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Nat Commun. 2019 Feb 8;10(1):685. doi: 10.1038/s41467-019-08531-4.

Conformations and cryo-force spectroscopy of spray-deposited single-strand DNA on gold.

Author information

1
Department of Physics, University of Basel, Klingelbergstrasse 82, 4056, Basel, Switzerland. remy.pawlak@unibas.ch.
2
Department of Physics, University of Basel, Klingelbergstrasse 82, 4056, Basel, Switzerland.
3
Departamento de Física Teórica de la Materia Condensada, Universidad Autónoma de Madrid, E-28049, Madrid, Spain.
4
Otto Schott Institute of Materials Research, Friedrich Schiller University Jena, D-07742, Jena, Germany.
5
Departamento de Física Teórica de la Materia Condensada, Universidad Autónoma de Madrid, E-28049, Madrid, Spain. ruben.perez@uam.es.
6
Condensed Matter Physics Center (IFIMAC), Universidad Autónoma de Madrid, E-28049, Madrid, Spain. ruben.perez@uam.es.
7
Department of Physics, University of Basel, Klingelbergstrasse 82, 4056, Basel, Switzerland. ernst.meyer@unibas.ch.

Abstract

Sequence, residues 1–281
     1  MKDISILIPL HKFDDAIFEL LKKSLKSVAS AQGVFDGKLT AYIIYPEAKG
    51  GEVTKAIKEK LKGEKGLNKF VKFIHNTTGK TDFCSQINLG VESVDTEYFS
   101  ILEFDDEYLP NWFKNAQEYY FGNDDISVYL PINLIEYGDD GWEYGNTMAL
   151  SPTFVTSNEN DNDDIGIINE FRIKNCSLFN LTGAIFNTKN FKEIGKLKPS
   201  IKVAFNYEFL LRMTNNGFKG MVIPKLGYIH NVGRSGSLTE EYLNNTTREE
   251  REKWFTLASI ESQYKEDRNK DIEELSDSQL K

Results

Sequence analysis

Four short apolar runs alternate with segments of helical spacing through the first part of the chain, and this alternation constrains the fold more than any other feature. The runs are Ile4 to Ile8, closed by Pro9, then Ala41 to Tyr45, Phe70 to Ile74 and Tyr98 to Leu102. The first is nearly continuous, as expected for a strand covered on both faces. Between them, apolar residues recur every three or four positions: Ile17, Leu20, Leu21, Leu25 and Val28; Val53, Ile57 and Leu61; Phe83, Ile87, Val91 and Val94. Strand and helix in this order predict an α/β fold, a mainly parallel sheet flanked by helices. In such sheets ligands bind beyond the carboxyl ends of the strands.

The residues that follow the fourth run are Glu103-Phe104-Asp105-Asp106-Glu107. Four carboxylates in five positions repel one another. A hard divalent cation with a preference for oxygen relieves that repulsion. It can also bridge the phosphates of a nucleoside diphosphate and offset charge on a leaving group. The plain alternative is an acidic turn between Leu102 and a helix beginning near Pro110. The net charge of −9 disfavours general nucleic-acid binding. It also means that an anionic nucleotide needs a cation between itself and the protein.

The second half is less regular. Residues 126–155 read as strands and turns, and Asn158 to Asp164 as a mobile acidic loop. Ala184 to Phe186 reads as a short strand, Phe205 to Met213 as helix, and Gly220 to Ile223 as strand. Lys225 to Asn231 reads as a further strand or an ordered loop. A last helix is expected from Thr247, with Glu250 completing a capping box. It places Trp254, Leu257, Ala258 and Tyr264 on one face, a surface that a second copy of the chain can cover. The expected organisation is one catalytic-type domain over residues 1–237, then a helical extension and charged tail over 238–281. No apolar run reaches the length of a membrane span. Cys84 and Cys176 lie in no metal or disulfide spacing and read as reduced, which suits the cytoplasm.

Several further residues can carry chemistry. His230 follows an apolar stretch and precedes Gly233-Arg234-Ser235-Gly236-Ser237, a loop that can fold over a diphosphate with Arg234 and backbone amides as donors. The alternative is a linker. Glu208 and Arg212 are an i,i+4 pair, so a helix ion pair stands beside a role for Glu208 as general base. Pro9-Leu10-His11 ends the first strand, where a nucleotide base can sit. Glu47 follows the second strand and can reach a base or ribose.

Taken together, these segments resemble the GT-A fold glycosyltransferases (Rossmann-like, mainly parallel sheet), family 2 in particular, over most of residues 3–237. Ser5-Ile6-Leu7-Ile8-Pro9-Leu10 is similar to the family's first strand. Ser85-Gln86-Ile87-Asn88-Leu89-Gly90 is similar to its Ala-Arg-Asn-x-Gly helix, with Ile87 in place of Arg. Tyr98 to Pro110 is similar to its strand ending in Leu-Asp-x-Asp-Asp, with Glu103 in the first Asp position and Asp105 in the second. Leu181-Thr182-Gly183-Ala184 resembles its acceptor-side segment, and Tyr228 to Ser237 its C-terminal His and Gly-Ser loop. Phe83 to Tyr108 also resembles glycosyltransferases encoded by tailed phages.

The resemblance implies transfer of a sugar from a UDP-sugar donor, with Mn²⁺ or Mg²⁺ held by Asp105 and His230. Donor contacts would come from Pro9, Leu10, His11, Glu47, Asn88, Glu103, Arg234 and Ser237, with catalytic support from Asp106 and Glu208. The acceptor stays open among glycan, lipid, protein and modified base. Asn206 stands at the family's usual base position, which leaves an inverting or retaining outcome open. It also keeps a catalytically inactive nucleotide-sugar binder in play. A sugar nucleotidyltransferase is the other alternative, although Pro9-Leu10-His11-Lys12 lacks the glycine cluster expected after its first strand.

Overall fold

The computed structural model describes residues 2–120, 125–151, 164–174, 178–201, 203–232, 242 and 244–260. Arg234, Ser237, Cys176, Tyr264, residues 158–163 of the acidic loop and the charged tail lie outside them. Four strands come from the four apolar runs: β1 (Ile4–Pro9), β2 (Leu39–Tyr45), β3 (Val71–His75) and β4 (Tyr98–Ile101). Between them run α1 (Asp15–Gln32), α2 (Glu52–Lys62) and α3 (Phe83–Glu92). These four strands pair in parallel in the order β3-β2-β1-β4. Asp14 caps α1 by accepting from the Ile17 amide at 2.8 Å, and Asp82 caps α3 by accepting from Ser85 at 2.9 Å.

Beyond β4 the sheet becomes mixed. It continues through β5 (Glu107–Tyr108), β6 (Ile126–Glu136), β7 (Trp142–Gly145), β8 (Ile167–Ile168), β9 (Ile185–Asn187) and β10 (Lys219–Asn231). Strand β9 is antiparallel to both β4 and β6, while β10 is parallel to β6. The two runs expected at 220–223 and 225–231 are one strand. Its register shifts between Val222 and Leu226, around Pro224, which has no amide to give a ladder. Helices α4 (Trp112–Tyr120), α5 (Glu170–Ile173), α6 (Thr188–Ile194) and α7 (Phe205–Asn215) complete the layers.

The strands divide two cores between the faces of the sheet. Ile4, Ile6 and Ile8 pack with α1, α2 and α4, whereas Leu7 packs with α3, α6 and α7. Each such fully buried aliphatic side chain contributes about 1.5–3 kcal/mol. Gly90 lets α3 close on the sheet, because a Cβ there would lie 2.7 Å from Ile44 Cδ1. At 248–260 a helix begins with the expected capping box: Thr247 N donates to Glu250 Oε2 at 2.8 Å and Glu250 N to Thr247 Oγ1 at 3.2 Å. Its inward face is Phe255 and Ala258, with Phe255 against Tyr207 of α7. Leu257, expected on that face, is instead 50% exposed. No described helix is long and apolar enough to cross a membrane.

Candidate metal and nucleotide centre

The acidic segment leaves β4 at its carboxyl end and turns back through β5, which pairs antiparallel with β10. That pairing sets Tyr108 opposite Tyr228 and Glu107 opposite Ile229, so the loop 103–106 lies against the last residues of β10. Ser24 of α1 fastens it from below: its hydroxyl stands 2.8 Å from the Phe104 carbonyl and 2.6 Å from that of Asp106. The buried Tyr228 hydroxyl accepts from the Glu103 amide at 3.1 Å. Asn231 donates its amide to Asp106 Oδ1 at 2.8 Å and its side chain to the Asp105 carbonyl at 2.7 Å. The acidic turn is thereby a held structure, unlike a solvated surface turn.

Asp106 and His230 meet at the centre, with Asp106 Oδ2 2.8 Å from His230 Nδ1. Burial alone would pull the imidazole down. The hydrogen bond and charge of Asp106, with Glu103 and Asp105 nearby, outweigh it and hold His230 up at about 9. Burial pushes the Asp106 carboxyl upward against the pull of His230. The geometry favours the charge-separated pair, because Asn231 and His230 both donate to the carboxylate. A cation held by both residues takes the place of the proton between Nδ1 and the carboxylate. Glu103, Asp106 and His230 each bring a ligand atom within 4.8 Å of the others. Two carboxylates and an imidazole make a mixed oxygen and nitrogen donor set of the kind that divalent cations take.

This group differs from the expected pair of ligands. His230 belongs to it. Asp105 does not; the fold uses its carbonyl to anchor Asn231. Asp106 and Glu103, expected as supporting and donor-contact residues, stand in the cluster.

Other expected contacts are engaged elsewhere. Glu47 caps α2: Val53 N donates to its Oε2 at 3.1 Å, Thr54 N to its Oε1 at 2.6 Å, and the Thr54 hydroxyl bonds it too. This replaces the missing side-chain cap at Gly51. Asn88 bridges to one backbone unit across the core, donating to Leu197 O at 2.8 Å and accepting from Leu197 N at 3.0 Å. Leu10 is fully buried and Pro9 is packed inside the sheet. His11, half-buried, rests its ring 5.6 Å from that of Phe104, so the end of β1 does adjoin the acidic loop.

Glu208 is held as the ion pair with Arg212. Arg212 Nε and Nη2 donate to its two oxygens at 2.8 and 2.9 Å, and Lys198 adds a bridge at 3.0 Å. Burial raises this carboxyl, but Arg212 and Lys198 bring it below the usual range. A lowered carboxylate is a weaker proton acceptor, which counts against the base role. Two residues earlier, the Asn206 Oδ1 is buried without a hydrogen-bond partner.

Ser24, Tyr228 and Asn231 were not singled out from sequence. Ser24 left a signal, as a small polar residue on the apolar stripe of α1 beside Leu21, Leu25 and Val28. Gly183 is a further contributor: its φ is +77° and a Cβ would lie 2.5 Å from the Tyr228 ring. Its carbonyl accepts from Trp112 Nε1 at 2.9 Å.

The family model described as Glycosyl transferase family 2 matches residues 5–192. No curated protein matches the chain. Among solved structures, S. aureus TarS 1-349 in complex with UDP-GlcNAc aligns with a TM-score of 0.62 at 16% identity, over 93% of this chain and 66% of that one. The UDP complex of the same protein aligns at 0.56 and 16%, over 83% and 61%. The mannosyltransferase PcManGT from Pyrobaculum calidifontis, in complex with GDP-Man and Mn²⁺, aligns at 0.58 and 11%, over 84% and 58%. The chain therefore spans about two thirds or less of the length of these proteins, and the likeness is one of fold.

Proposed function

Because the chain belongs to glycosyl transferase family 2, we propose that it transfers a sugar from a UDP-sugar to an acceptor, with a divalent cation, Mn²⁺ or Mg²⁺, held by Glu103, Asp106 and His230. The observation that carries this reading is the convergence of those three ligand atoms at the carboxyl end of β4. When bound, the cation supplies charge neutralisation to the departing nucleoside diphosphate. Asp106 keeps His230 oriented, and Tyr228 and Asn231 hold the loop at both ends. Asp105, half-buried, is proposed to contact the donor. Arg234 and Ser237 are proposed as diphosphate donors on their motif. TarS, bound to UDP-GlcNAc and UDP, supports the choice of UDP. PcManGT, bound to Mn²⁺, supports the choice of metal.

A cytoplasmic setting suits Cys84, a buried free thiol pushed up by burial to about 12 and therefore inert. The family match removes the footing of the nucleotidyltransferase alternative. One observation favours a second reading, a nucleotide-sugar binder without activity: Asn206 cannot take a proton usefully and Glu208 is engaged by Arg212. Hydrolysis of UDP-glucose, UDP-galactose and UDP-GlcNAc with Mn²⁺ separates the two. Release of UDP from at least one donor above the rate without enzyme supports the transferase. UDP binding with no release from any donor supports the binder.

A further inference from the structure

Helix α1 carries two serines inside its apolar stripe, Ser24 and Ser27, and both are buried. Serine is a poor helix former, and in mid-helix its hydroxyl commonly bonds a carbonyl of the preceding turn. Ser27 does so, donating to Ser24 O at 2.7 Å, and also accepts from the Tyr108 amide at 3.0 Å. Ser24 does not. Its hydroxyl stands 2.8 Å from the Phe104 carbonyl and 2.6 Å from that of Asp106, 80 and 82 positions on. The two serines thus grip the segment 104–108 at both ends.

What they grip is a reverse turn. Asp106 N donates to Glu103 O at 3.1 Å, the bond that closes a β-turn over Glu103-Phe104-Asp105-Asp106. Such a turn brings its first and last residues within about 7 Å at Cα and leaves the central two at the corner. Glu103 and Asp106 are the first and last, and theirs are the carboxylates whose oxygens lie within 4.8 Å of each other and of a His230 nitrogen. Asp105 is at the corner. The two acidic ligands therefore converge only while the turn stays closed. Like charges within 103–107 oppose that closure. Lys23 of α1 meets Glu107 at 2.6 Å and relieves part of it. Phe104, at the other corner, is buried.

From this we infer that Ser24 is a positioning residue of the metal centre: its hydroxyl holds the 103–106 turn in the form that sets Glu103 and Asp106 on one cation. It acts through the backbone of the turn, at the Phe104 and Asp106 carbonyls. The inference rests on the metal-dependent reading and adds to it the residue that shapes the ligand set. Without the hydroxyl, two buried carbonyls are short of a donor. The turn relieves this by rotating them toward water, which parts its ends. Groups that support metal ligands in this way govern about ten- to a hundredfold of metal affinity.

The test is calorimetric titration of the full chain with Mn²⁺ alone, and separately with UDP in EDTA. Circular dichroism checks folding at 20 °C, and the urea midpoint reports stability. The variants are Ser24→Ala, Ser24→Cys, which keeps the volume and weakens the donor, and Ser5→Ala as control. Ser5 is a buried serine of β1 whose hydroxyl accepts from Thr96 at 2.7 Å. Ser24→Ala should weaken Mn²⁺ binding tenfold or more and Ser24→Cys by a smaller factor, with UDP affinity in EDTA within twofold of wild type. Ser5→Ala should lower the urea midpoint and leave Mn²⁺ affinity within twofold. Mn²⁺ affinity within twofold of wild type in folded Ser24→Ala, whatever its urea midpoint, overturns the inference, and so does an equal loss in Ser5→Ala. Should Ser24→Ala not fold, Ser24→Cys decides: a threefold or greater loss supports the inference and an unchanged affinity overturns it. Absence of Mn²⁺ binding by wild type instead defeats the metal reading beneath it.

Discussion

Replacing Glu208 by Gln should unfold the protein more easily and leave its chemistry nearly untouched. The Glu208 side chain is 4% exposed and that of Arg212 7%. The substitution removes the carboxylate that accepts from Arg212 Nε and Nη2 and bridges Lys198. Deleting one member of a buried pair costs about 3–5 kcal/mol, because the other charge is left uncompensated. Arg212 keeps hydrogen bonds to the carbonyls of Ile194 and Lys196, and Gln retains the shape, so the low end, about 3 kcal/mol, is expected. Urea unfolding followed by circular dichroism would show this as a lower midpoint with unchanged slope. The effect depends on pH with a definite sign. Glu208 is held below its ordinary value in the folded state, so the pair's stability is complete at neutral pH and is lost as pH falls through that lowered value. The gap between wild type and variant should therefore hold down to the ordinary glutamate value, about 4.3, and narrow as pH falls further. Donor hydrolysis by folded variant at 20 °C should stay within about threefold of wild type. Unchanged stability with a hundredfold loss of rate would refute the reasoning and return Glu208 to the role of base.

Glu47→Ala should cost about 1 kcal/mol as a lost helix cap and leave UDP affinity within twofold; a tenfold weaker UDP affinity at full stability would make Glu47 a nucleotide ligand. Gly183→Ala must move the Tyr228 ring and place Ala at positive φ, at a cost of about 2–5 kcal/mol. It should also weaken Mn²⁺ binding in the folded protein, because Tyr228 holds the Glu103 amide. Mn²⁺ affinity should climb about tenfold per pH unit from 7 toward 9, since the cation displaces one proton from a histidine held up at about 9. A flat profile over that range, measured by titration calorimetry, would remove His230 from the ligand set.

Cryo-electron microscopy can determine the structure of biological matter in vitrified liquids. However, structure alone is insufficient to understand the function of native and engineered biomolecules. So far, their mechanical properties have mainly been probed at room temperature using tens of pico-newton forces with a resolution limited by thermal fluctuations. Here we combine force spectroscopy and computer simulations in cryogenic conditions to quantify adhesion and intra-molecular properties of spray-deposited single-strand DNA oligomers on Au(111). Sub-nanometer resolution images reveal folding conformations confirmed by simulations. Lifting shows a decay of the measured stiffness with sharp dips every 0.2-0.3 nm associated with the sequential peeling and detachment of single nucleotides. A stiffness of 30-35 N m-1 per stretched repeat unit is deduced in the nano-newton range. This combined study suggests how to better control cryo-force spectroscopy of adsorbed heterogeneous (bio)polymer and to potentially enable single-base recognition in DNA strands only few nanometers long.

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